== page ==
The average American girl can probably tell you she's been subjected to dance or gymnastics lessons at one point in her life, most often it's ballet.
Anyone that knows anything about dance knows that there are different styles since they are apparent. Ballet is vastly different from hip-hop. But a lot of people don't realize that there are different types of gymnastics. One kind of gymnastics is artistic gymnastics, which has been a part of the Olympic Games since it's origin in 1896. This summer Olympics will be no different in London 2012.
But for those who don't know the first thing about artistic gymnastics, except that the American team wears red, white, and blue leotards, here are some basic rules to know:
RULES OF THE APPARATUS
Artistic gymnastics is performed on the vaulting table, the uneven bars, the beam, and on the floor.
The vault is jumped over using a springboard. The gymnasts perform two vaults, the better score of which is chosen.
The uneven bars are made of fiberglass. The tallest one is 2.5 meters and the lower one is 1.7 meters. The gymnasts switch between the bars while doing the routine.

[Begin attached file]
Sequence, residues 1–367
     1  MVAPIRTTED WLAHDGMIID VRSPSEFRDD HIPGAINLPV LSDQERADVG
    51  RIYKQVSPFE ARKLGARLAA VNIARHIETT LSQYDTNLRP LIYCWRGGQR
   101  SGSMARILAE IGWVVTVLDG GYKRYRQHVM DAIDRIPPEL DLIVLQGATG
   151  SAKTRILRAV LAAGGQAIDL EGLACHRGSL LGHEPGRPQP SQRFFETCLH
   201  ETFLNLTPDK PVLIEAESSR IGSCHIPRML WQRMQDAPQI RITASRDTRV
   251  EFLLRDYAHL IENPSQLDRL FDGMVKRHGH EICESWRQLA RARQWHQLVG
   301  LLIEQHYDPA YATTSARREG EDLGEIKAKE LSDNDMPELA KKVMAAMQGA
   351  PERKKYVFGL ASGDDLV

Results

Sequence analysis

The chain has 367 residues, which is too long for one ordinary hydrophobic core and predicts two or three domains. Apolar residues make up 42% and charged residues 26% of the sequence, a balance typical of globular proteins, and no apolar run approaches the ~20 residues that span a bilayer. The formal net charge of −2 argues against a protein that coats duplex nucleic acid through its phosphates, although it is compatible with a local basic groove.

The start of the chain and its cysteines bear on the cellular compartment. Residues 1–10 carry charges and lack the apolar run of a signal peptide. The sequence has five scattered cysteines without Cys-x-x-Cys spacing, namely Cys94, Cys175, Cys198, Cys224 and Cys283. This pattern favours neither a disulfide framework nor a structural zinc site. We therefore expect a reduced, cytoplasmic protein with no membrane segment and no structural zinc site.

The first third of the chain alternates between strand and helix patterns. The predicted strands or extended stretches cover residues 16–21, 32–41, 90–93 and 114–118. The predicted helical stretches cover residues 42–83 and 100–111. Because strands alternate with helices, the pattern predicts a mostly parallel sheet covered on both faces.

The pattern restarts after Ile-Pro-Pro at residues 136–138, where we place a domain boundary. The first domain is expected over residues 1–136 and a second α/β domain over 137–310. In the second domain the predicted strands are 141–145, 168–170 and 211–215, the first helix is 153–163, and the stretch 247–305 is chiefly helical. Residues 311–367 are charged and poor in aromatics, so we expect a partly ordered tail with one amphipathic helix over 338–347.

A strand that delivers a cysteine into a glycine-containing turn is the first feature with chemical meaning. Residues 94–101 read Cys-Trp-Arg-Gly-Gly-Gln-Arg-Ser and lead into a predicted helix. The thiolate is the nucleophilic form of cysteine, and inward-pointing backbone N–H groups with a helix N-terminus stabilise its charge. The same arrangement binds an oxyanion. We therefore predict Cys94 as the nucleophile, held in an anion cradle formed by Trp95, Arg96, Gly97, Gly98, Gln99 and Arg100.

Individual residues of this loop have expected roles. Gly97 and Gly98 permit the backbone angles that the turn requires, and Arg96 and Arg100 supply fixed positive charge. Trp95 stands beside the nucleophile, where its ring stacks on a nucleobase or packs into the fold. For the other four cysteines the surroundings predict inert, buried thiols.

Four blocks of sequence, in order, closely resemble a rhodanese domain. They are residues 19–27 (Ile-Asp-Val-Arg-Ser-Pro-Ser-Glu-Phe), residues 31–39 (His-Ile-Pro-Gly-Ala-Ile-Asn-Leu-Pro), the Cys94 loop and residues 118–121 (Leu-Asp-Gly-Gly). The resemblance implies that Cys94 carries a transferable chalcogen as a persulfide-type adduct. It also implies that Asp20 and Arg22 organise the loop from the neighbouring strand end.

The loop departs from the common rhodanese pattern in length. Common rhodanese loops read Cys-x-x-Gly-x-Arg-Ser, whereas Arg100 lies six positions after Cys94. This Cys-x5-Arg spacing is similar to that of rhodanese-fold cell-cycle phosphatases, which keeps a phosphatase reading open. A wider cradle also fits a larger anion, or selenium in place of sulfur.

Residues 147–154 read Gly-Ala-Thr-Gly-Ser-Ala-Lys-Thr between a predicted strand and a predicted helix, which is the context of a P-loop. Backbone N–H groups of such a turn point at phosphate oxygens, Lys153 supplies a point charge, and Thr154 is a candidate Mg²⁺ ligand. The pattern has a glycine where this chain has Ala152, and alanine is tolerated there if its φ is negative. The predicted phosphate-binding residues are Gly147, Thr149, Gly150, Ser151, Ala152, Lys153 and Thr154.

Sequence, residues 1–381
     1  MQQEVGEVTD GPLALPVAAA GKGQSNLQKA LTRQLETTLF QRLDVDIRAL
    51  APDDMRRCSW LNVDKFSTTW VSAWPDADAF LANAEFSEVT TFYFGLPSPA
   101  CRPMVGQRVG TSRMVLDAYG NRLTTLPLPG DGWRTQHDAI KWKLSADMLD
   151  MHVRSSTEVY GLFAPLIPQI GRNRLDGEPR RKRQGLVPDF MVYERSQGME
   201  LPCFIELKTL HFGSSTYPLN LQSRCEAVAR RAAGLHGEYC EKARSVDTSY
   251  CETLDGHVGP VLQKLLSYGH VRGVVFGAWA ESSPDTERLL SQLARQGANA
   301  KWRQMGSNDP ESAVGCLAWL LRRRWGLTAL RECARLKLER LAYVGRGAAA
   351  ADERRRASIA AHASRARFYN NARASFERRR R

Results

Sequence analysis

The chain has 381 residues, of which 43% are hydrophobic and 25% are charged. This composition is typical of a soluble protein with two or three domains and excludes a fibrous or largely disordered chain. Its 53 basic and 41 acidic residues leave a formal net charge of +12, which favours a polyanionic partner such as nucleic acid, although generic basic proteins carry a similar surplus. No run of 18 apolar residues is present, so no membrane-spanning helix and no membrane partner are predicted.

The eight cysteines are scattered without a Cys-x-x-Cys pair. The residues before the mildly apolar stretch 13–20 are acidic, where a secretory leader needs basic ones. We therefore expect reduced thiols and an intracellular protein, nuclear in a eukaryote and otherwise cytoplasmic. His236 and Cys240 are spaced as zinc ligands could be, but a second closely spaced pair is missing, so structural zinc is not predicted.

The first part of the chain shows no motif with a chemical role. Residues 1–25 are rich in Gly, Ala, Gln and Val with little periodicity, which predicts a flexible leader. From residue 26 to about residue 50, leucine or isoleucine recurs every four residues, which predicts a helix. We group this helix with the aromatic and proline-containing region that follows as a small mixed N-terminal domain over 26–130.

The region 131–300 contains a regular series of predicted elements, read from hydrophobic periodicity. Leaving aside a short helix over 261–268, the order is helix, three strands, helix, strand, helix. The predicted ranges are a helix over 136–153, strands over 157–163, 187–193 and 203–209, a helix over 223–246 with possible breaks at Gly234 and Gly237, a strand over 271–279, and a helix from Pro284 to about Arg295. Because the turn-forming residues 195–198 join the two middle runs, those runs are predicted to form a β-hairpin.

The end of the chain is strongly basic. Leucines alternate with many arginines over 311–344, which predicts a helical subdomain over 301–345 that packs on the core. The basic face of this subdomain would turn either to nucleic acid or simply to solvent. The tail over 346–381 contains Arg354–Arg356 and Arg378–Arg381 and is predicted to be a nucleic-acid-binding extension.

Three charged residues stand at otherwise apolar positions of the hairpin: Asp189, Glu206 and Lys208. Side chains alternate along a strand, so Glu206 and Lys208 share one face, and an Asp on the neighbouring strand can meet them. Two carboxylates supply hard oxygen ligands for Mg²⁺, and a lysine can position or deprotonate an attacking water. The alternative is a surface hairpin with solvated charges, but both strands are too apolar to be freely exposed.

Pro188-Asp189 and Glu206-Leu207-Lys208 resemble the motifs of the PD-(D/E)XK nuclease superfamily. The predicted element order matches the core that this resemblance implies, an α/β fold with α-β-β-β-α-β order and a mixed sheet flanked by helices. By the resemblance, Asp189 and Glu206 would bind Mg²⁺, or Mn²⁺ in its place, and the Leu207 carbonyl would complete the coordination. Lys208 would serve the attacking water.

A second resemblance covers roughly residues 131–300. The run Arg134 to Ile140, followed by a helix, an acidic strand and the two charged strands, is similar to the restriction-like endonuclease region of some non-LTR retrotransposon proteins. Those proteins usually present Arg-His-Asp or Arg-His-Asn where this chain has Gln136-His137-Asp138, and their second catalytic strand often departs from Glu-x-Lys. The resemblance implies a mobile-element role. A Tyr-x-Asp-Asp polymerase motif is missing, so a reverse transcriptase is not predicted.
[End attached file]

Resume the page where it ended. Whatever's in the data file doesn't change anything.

The beam is probably the hardest of all of the apparatuses. It is ten centimeters wide and five meters long. The gymnasts must perform a routine of multiple jumps, leaps, turns, etc, in which they dismount at the end. The routine is supposed to last 90 seconds.
Finally, the floor is the place where the gymnast normally gets to individualize their routines the most. The routines are accompanied by music
THE FOUR PHASES OF COMPETITION
Gymnasts either compete as part of a team or as an individual. The scores from the qualifying round are used to qualify for the finals. However, the scores are not carried over into the final round.
The top 24 men and women go on to the finals and perform on all apparatus. Those with the highest scores medal. The individual all-around is the highest achievement a gymnast can get.
The top eight men's and women's teams from the qualifying round compete in this round. They compete again on all apparatus. The highest score of this round gets the title.
The top eight men and women who place the highest in the qualifying round go on to this section of the finals. Those who win this round medal.
This style of judging is the most original of all competitive gymnastics. There is a "chair," which is the head judge, and a panel of eight judges who are broken down into two panels. The "A" panel calculates the start value, which is the highest that the gymnast can score. The "B" panel determines the deductions taken off of the start value based off the gymnast's execution of the routine.
PENALTIES, DISQUALIFICATIONS, AND PROTESTS
Penalties include going out of bounds, going over the given time limit, etc.
Disqualifications are a result of breaking a FIG rule or showing no regard for sports ethics and rules.
Protests are only allowed on the difficulty score on a gymnast of your own country.
The qualifying rounds of the 2012 Olympics begin on July 28, 2012. The final rounds will end on Aug. 7, 2012. To find out the full schedule, check out. www.london2012.com.